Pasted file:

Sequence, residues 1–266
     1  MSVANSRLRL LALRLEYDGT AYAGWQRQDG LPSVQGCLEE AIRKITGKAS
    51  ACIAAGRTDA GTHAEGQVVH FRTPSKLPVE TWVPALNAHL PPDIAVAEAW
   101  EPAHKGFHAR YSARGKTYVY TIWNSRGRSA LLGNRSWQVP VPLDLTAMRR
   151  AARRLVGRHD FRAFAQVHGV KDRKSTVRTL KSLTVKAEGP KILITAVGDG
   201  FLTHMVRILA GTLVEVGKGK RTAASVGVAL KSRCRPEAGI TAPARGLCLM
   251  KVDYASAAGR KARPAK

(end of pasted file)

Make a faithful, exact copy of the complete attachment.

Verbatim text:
Sequence, residues 1–266
     1  MSVANSRLRL LALRLEYDGT AYAGWQRQDG LPSVQGCLEE AIRKITGKAS
    51  ACIAAGRTDA GTHAEGQVVH FRTPSKLPVE TWVPALNAHL PPDIAVAEAW
   101  EPAHKGFHAR YSARGKTYVY TIWNSRGRSA LLGNRSWQVP VPLDLTAMRR
   151  AARRLVGRHD FRAFAQVHGV KDRKSTVRTL KSLTVKAEGP KILITAVGDG
   201  FLTHMVRILA GTLVEVGKGK RTAASVGVAL KSRCRPEAGI TAPARGLCLM
   251  KVDYASAAGR KARPAK